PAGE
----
The Noble Network of Charter Schools has grown into a district within a district, with its own sports league, teacher-training program and a growing army of alumni spreading the brand. But its expansion comes with increased public scrutiny and internal questioning about whether its core tenets work for all students.
Of the all the reforms that have swept through Chicago Public Schools in the past 25 years, the creation of local school councils is one of the few that persists. Although their authority has been curtailed over the years and not all new or struggling schools have them, the councils in many ways continue to deliver on the initial vision of allowing parents and community members to be catalysts for change at their schools.
I’m often asked — by friends, television hosts, people I’ve just met — whether Chicago’s public schools have gotten any better after decades of reform. I know they’d like a simple yes or no, but I find neither satisfying. Rather, it’s been more like yes and no, or two steps forward, one step back.
In an odd twist, rugby, the national sport of Ireland, has become one of the most popular sports among Noble Street campuses. All of the 16 campuses have boys’ teams and most have girls’ teams as well.
CPS is known for a handful of powerhouse basketball teams. But most high schools, especially those in poor communities, offer few opportunities for teens to get involved in sports. To do so, schools must raise their own money for athletics.
For a select but growing group of schools in wealthier communities, parent fundraising has risen to new heights. In just a decade, the number of parent groups that raise more than $50,000 a year doubled to 41; 30 schools brought in more than $100,000 and eight raised more than $200,000. Altogether, these 41 schools raised roughly $7.6 million in one year.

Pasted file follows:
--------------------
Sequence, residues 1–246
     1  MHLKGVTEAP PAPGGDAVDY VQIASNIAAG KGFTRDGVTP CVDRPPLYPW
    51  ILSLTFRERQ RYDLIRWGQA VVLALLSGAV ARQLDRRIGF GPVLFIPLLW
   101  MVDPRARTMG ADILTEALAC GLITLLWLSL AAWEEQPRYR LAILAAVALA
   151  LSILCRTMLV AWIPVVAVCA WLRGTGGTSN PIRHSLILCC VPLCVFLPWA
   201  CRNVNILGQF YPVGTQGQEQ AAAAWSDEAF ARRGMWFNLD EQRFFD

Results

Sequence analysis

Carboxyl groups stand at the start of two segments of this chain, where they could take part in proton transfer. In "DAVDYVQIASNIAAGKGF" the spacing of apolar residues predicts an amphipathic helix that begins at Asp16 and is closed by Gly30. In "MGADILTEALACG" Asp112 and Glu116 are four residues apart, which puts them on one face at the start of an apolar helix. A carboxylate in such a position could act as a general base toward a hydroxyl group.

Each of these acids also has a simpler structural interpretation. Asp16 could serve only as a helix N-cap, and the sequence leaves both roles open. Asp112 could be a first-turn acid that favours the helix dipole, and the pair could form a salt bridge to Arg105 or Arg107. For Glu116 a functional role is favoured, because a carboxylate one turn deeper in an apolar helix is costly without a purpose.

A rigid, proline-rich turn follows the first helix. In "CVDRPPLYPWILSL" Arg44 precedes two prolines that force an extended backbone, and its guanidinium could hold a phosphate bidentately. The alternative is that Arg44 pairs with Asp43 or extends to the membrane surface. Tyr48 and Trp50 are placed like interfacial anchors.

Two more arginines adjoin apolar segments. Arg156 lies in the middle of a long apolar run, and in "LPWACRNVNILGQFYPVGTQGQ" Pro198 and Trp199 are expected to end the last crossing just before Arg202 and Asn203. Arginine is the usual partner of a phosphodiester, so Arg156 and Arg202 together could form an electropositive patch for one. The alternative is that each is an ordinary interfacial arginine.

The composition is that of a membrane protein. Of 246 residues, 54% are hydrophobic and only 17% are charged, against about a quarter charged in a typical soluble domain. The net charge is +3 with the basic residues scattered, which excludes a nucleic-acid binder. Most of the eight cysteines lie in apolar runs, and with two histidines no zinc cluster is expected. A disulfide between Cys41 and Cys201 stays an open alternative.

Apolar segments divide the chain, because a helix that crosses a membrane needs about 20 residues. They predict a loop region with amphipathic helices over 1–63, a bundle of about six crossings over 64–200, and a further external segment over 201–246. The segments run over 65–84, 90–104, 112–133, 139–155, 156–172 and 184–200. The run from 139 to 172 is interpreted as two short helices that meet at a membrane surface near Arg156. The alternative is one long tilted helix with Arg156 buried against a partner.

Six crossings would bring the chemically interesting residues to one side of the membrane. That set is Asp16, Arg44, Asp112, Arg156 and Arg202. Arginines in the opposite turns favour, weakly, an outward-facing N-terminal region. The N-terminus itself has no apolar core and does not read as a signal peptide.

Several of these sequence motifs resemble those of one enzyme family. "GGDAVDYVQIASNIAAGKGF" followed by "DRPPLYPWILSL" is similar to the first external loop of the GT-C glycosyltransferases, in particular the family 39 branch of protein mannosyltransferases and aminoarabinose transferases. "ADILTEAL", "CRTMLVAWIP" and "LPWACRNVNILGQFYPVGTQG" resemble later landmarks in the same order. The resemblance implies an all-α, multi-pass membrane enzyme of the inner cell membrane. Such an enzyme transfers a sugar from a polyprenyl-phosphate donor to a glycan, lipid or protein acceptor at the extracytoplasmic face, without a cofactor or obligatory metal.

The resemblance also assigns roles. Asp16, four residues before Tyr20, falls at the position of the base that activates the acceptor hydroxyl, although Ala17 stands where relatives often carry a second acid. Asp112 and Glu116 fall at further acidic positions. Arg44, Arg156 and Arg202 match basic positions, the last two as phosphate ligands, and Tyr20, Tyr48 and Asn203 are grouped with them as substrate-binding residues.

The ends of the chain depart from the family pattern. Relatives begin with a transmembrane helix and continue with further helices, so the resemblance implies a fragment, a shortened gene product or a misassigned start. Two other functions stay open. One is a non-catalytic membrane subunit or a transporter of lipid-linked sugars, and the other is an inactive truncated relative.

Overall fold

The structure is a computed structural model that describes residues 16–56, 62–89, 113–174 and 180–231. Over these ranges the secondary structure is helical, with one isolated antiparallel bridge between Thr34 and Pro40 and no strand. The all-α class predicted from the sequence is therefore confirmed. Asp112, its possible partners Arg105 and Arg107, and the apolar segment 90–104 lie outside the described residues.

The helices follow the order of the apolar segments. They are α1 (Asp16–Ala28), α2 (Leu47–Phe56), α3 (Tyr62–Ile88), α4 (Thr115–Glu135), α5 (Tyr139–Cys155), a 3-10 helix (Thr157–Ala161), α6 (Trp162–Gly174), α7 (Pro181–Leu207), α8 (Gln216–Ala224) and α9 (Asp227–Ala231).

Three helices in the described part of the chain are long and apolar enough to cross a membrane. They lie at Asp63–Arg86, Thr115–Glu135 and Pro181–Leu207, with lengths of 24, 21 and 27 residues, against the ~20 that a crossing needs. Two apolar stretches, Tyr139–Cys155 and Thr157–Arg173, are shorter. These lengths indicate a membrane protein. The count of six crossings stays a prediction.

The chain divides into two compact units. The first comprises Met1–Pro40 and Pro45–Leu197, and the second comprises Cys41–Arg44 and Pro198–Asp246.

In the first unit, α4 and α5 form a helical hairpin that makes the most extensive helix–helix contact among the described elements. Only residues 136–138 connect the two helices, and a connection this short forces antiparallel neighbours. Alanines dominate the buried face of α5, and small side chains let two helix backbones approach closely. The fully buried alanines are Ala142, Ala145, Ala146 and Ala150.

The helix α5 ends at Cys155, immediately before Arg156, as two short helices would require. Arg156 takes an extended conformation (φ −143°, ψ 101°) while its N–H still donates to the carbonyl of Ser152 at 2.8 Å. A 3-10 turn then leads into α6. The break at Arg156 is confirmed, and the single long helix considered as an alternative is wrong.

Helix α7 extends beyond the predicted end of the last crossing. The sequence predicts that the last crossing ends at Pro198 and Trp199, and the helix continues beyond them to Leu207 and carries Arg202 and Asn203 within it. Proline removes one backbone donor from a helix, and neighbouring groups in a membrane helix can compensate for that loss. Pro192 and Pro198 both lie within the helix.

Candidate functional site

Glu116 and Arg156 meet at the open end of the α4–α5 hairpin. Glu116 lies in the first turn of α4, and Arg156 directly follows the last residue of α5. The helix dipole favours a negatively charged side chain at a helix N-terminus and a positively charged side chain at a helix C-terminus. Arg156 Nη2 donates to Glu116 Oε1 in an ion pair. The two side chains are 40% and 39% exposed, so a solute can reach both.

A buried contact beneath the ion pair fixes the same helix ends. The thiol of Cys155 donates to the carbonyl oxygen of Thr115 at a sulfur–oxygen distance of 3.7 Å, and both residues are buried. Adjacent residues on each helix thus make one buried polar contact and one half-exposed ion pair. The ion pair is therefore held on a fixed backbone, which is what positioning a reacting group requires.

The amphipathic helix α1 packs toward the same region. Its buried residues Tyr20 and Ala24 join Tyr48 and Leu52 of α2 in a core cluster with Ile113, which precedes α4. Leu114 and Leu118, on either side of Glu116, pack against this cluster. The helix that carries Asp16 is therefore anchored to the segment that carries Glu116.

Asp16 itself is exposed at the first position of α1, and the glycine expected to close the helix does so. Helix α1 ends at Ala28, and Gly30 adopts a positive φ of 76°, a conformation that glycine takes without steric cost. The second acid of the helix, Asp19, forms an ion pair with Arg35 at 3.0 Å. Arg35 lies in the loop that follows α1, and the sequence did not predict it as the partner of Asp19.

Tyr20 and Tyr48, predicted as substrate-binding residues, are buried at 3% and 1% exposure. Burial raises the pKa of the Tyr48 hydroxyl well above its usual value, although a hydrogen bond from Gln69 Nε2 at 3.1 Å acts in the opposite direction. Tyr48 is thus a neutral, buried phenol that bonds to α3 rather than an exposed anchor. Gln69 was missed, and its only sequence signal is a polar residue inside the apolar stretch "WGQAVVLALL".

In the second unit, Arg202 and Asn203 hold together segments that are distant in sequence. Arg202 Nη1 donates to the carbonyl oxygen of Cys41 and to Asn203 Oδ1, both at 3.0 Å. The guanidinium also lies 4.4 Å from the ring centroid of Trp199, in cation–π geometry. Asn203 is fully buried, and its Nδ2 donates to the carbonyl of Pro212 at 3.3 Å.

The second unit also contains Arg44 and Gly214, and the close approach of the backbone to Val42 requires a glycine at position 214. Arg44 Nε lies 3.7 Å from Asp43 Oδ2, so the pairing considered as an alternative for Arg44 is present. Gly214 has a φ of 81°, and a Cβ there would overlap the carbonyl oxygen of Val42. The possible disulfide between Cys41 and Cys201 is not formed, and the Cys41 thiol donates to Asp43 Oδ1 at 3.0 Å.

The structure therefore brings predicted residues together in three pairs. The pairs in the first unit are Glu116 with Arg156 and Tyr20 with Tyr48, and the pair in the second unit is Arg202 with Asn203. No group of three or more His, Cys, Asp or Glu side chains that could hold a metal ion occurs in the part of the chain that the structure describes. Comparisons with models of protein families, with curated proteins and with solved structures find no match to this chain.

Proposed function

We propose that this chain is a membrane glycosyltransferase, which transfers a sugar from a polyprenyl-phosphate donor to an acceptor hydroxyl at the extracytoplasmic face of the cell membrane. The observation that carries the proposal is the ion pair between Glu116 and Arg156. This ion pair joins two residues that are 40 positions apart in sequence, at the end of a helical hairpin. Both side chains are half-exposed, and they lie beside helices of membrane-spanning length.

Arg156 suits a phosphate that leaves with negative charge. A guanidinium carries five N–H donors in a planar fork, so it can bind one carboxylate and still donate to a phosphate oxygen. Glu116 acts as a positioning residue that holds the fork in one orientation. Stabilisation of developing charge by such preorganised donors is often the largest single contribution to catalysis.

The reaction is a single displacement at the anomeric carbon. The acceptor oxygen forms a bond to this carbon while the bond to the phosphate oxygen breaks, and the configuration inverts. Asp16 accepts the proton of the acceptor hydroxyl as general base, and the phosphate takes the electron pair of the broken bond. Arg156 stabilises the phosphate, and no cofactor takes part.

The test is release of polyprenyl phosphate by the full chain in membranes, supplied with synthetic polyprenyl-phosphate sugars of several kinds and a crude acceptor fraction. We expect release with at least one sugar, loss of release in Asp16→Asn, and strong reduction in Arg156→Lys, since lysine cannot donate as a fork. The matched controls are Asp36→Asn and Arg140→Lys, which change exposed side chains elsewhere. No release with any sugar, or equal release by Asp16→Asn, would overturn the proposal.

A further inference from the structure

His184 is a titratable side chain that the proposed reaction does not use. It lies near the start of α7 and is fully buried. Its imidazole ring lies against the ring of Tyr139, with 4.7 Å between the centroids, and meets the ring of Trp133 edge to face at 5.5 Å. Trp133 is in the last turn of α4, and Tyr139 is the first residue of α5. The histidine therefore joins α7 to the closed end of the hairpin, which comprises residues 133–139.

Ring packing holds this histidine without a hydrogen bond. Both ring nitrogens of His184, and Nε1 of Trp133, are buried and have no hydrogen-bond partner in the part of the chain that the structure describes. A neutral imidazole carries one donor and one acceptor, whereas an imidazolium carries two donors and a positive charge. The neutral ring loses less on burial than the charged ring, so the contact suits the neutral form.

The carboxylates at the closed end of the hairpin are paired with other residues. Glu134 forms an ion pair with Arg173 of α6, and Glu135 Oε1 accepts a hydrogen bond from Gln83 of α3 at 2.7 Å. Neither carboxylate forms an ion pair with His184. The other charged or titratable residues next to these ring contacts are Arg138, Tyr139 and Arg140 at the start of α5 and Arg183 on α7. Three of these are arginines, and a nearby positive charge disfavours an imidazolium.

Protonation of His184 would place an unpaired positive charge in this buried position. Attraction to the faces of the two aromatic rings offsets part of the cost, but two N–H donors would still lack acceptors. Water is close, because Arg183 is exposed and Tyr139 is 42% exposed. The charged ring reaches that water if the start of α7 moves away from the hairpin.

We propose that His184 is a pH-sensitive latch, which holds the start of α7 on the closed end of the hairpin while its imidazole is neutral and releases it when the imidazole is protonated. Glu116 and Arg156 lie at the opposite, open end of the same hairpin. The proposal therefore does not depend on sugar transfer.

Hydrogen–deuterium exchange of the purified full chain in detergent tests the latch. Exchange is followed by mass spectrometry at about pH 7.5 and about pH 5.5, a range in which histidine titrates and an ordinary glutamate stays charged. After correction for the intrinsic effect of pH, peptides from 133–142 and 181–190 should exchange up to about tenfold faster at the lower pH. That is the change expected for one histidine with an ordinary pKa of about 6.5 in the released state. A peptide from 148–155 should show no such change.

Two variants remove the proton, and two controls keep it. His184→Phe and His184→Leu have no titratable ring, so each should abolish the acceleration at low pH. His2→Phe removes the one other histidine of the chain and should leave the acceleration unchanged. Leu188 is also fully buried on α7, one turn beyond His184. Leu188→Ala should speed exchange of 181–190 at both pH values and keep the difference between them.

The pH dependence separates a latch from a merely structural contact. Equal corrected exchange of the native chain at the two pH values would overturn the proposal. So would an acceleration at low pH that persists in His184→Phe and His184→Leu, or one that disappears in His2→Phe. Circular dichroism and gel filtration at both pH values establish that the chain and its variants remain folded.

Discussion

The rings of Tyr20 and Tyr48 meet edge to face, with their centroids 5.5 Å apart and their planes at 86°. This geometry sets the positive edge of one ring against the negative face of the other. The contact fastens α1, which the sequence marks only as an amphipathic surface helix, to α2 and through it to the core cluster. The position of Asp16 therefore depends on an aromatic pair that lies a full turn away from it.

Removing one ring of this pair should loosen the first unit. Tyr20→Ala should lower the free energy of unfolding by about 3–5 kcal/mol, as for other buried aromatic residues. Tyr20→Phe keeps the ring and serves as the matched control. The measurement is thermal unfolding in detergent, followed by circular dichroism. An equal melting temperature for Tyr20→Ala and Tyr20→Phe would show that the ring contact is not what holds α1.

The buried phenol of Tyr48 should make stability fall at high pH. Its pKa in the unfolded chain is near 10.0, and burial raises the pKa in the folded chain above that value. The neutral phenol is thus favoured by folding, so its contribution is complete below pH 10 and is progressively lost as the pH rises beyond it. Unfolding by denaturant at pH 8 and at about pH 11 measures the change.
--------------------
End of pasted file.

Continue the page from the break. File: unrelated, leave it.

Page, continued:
Since City Colleges began taking applications for a plan widely advertised as “free college” by a campaigning Mayor Rahm Emanuel, more than 1,000 students have applied for the offer of waived tuition, books and school fees. But research shows that City Colleges are not the best post-secondary choice for high-achieving students who will benefit from the Star Scholarship.
College counseling has become more important to high schools since CPS now rates them on the college enrollment and persistence of their graduates. It's an area in which charters sometimes have a distinct advantage.
Nationwide, more than one-third of undergraduate students are over 24, and a majority of them attend college part-time.
High schools are now rated on the college enrollment and persistence of their graduates. To solve the money problems, academic difficulties and social challenges that many students face, CPS is partnering with local colleges and universities.